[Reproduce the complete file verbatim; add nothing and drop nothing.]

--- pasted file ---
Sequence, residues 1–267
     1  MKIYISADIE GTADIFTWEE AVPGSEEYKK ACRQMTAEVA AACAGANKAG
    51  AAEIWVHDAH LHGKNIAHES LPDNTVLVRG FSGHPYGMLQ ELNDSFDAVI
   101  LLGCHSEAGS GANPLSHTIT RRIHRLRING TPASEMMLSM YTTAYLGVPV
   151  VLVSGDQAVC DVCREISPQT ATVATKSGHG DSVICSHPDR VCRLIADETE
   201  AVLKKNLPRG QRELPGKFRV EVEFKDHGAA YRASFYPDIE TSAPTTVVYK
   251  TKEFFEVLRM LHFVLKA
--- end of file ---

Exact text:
Sequence, residues 1–267
     1  MKIYISADIE GTADIFTWEE AVPGSEEYKK ACRQMTAEVA AACAGANKAG
    51  AAEIWVHDAH LHGKNIAHES LPDNTVLVRG FSGHPYGMLQ ELNDSFDAVI
   101  LLGCHSEAGS GANPLSHTIT RRIHRLRING TPASEMMLSM YTTAYLGVPV
   151  VLVSGDQAVC DVCREISPQT ATVATKSGHG DSVICSHPDR VCRLIADETE
   201  AVLKKNLPRG QRELPGKFRV EVEFKDHGAA YRASFYPDIE TSAPTTVVYK
   251  TKEFFEVLRM LHFVLKA